Former German Stewardess Turned Stowaway on Steamship
The pluck and cleverness shown by Miss Christiana Wilhelmina Ida Klingemann, 41 years, of Berlin, Germany, in digging herself in among 200 tons of gravel balast down No. 7 hold aft on the White Star Liner Pittsburgh and remaining below for seven days and nights, was related yesterday to -12-1the reporters when the liner arrived at Pier 59, North River, from Bremen.
During that time, the woman subsisted on some black bread and sausages and quenched her thirst with a large bottle of vinegar and water. When the supply was exhausted and the stowaway felt that the vessel was well on her way to New York, she knocked at the hatch covers with the empty bottle until one of the steerage passengers heard the noise and called the attention of the stewards, who reported it to the Chief Officer.
In spite of her having been practically a week down in the hold, the German woman was able to walk on deck and tell her story. She had a canvas bag with a change of linen and some extra stocking and a man's suit, in which she had expected to make her escape after the Pittsburgh had arrived at her pier in New York.
Miss Klingemann, who appared to be an intelligent woman, said that she had served eight years as stewardess on the Hamburg-American liners in the New York service before the war. Since the armistice, she said that things had gone from bad to worse in Germany and it was difficult to earn enough money to buy food and clothing with. She had to support an invalid widowed mother and brother and had decided to come to America to join relatives living in California. There are three cousins, she added, one of these, Emil Masserbach, a school teacher at Petaluma, had promised to pay her fare across the continent if she could reach Ellis Island and be admitted.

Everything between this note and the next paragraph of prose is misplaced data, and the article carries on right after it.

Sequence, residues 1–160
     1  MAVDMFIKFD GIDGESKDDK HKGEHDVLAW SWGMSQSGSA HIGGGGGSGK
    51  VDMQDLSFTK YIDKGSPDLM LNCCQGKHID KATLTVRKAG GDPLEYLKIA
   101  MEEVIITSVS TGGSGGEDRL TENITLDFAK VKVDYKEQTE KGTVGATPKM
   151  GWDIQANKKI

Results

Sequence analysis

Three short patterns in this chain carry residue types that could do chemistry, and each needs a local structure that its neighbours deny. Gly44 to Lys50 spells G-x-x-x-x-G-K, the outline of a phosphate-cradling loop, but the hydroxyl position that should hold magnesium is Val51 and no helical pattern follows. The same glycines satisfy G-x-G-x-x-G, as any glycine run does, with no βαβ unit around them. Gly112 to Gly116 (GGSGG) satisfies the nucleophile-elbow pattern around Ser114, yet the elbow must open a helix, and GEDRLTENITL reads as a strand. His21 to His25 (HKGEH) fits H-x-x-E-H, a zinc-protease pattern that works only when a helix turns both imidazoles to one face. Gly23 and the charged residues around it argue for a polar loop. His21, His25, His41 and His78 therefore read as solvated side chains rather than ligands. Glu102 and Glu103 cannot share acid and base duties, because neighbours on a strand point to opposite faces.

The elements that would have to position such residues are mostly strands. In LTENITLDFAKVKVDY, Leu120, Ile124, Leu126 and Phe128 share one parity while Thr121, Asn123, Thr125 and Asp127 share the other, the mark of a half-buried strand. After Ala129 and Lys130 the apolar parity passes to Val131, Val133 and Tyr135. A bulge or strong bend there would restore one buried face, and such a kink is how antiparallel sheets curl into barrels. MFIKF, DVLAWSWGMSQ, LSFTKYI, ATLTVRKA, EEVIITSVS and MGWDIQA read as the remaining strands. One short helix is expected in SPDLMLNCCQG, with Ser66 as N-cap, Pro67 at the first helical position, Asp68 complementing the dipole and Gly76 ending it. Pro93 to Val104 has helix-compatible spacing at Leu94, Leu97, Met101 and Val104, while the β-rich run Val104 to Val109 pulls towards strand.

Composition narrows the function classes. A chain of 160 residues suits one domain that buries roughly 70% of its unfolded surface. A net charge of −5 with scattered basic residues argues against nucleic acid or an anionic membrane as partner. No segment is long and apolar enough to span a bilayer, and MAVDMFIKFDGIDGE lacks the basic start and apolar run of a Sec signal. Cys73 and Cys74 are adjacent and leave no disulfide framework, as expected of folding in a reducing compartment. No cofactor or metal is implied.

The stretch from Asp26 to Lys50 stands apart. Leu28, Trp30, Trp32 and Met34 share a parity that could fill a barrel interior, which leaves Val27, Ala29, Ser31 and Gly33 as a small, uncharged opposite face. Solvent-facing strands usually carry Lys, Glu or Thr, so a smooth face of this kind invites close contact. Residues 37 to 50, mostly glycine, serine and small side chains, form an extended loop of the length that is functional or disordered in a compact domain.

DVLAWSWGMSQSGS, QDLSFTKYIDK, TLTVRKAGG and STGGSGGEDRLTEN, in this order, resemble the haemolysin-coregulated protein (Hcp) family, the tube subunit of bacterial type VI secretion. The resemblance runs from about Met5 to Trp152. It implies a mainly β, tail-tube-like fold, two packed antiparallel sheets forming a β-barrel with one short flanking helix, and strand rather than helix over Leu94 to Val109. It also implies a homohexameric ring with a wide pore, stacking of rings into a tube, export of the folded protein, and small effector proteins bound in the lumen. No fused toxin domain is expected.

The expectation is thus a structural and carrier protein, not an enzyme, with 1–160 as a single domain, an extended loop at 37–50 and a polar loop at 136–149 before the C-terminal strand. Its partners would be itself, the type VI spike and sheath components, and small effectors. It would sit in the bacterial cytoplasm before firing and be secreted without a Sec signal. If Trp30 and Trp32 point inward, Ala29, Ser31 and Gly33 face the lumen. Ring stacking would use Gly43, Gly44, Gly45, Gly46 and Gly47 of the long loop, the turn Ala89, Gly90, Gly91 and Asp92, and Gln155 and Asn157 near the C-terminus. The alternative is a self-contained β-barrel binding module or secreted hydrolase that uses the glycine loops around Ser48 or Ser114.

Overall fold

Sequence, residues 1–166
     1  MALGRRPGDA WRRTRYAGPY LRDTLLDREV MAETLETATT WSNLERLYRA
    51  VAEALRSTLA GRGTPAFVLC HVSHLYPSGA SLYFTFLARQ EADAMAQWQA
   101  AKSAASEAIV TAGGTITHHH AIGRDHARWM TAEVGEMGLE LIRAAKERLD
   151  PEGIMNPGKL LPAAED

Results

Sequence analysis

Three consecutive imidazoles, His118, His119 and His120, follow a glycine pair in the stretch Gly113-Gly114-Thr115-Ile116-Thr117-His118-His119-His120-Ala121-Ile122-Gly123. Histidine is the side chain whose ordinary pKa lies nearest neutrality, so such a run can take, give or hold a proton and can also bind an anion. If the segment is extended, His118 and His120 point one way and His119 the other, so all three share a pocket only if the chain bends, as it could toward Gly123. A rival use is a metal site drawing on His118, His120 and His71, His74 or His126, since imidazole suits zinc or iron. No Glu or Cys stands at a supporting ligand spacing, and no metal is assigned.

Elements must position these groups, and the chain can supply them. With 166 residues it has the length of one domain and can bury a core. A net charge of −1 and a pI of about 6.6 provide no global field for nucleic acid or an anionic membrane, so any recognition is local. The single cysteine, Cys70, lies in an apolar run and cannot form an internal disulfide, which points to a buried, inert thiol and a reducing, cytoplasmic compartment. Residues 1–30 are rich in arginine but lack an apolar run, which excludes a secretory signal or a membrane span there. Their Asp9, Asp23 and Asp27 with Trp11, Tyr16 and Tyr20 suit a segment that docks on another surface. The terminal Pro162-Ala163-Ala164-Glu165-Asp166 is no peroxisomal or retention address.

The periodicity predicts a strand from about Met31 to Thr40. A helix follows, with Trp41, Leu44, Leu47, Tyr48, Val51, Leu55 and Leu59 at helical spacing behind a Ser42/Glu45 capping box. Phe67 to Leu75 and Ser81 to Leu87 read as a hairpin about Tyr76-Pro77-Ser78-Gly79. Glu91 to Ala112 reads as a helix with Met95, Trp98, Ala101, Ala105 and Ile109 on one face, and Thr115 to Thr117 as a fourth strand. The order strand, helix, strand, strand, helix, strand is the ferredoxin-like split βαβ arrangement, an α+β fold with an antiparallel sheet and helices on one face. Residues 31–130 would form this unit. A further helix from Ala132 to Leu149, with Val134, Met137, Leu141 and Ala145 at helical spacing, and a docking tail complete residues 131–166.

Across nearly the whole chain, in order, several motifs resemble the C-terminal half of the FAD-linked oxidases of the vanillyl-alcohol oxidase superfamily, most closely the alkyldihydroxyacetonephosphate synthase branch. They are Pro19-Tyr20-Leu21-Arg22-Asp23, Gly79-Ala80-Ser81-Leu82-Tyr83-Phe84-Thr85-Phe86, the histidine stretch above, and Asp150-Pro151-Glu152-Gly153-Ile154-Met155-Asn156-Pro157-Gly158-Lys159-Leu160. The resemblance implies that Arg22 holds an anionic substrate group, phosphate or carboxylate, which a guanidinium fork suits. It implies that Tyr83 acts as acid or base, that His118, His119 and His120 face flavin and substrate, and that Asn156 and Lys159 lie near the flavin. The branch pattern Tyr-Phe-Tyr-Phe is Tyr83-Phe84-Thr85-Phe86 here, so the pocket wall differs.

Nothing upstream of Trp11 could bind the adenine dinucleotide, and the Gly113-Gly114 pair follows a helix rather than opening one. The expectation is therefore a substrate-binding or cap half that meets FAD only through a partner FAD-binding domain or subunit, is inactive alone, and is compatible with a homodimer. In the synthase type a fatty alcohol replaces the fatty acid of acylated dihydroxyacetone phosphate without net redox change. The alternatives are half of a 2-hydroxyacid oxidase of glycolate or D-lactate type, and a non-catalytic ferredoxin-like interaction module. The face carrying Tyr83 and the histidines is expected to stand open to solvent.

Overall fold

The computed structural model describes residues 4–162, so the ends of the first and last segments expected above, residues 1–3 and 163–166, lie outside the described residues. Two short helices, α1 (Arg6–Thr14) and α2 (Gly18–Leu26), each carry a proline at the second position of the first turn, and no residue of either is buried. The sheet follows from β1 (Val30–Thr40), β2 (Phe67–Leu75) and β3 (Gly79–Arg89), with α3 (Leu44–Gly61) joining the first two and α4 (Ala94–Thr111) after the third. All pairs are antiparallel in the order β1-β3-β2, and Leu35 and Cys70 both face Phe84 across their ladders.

She made a previous attempt when she stowed away on the Hamburg-American liner Wuerttemburg and was sent back to Germany. She carried no passport, but had an identification card and a book showing her service as stewardess. Several people have taken an interest in her case and will endeavor today to get the Commissioner of Immigration at Ellis Island, Robert E. Tod, to permit her to land and will also find her work so she can send money to her family.
Source: The New York Times, December 13, 1922